Central, as in centralized power and violence to take, is the antithesis to Liberty--slavery.

So a central bank is a centralized institution of theft and slavery.

Now what was the question?!


"Happiness is a warm head in a basket."

TomGa's picture

Heck, now even PBS is out saying publicly that the Fed is engaged in unsustainable illegalities....

PBS Drops a Bombshell on the Federal Reserve’s 100th Birthday Party

"PBS promised a “debate” this past Friday night on the “benefits and dangers” of the Federal Reserve as the Fed marks its 100 years of existence tomorrow. Instead of a debate, two famous stock market historians made the same stunning announcement – that the Fed has decided its job is to push up the stock market."


H/T Denninger

evokanivo's picture

No one watches PBS except those that are already disenfranchised. So ... why does this matter?

tony bonn's picture

the fed is a tool of the nazi banksters to controll money and is an evil satanic menace which should be obliterated into dust......yet its brutal private police force will not allow that....the fed rules by tyranny and answers only to itself....

Clowns on Acid's picture

Nazi's.... are they the moneychangers...?

dick cheneys ghost's picture

To the owners of The FED........thanks for the debt slavery..........I think I'll buy a condo on Rothschilds Blvd in Tel Aviv where debt slavery is celebrated


''The Federal Reserve Banks are a privately owned consortium controlled by the eight major stock-holding families: The Rothschilds of England and Germany, Moses Seif of Italy, Lazard Freres of France, the Warburgs of Germany, Kuhn-Loeb of Germany, Goldman-Sachs of the United States, Lehman Brothers of the United States, and the Rockefellers of the United States. Only three of these families are American. This small group decides the fates of hundreds of millions of people by their financial policies and maneuvers. It was Baron Meyer Amschel Bauer Rothschild, (born in 1744 and died in 1812), who said, "Give me control over a nation's currency and I care not who makes its laws.”''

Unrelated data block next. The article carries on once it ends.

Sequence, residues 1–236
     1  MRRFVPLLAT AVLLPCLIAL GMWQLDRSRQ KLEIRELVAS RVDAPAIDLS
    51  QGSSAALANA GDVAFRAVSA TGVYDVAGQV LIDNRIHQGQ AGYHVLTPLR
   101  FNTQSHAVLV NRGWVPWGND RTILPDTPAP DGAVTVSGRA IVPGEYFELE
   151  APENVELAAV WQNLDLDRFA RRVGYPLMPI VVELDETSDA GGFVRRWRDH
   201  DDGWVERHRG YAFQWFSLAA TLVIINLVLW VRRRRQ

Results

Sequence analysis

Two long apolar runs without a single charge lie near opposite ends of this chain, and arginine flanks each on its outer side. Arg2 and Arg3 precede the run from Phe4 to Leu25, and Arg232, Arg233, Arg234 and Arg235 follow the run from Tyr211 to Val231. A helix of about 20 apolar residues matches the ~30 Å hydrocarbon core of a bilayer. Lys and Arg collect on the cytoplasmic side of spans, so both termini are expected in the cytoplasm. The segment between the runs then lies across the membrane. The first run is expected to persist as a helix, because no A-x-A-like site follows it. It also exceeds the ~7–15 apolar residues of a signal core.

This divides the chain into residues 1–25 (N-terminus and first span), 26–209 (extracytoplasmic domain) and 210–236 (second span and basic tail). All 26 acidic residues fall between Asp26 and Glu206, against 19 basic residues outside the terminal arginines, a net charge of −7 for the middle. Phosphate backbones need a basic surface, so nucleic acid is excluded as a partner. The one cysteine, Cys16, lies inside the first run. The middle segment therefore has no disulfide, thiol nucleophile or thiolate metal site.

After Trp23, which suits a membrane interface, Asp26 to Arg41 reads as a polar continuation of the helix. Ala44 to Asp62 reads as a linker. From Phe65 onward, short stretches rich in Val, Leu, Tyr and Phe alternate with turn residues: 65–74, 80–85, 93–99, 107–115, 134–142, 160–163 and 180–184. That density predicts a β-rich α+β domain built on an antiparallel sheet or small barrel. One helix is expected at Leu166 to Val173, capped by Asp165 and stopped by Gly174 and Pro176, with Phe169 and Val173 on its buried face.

Colonel Klink's picture

May a curse be upon those families for great pain and suffering for all time.

dick cheneys ghost's picture

Klink, check out this PROPAGANDA piece......the bankers blaming greedy bankers on the commies's.......this really is the 'twilight zone'.......the banksters will never take the blame for the monetary system forced upon us in 1913....they will always blame it on someone else.....fuck me

''The anonymous circle of screenwriters targeted both the writers and the film itself. 'It's a Wonderful Life' and other films were targeted under a film regime designed by Ayn Rand, the 'Atlas Shrugged' writer who has become an icon for some libertarian conservatives in recent years, according to Aphelis.''

Colonel Klink's picture

The answer is to paint them with their crimes against humanity using their own blood.

dojufitz's picture

All things come to an end......the Fed will end.......everything comes and goes.....

mrdenis's picture

The Fed and my curtans have a great deal in common .....they both look great once their hung 

ramacers's picture

forget better off/on for this/that, we need firing squads - lots of them!

Stuck on Zero's picture

Just about the time that Americans decide we don't need a central bank the Central banksters will decide we need a Central Central Bank.


AynRandFan's picture

The Fed's recent power grab is just the latest step in consolidation of power at the national level.  In Colorado, for example, the legislature spends most of its time passing laws to conform with the ever-increasing flow of regulations.  Colorado gave up its sovereignty long ago.  In Texas, where I live now, the legislature spends a lot of time passing its own laws and thumbing its nose at the Federal bureaucracy.  I like that.  People around here have a lot of yard displays repudiating Obama, like an empty chair perched up next to the fence along the highway.  Having recently moved from a co-dependent state, I fear for Texans when they realize the Federal government is importing South and Central America as fast as it can in order to overwhelm the electorate.  Some of that anger will boil over here, unlike the milktoast other states.